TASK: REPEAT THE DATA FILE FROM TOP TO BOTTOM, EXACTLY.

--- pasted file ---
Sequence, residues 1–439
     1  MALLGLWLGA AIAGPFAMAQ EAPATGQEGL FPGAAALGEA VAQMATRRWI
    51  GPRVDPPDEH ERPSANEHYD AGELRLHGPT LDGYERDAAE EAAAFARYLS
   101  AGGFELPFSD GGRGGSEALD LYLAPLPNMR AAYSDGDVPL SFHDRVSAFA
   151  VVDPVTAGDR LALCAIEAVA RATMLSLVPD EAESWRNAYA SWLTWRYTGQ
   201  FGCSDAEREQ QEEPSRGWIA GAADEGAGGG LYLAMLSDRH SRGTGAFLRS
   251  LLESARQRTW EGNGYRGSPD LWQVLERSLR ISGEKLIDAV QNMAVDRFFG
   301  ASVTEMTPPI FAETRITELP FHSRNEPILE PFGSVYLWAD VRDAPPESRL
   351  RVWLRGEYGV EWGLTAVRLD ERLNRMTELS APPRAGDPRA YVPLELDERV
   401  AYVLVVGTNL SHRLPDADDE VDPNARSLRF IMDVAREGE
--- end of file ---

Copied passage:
Sequence, residues 1–439
     1  MALLGLWLGA AIAGPFAMAQ EAPATGQEGL FPGAAALGEA VAQMATRRWI
    51  GPRVDPPDEH ERPSANEHYD AGELRLHGPT LDGYERDAAE EAAAFARYLS
   101  AGGFELPFSD GGRGGSEALD LYLAPLPNMR AAYSDGDVPL SFHDRVSAFA
   151  VVDPVTAGDR LALCAIEAVA RATMLSLVPD EAESWRNAYA SWLTWRYTGQ
   201  FGCSDAEREQ QEEPSRGWIA GAADEGAGGG LYLAMLSDRH SRGTGAFLRS
   251  LLESARQRTW EGNGYRGSPD LWQVLERSLR ISGEKLIDAV QNMAVDRFFG
   301  ASVTEMTPPI FAETRITELP FHSRNEPILE PFGSVYLWAD VRDAPPESRL
   351  RVWLRGEYGV EWGLTAVRLD ERLNRMTELS APPRAGDPRA YVPLELDERV
   401  AYVLVVGTNL SHRLPDADDE VDPNARSLRF IMDVAREGE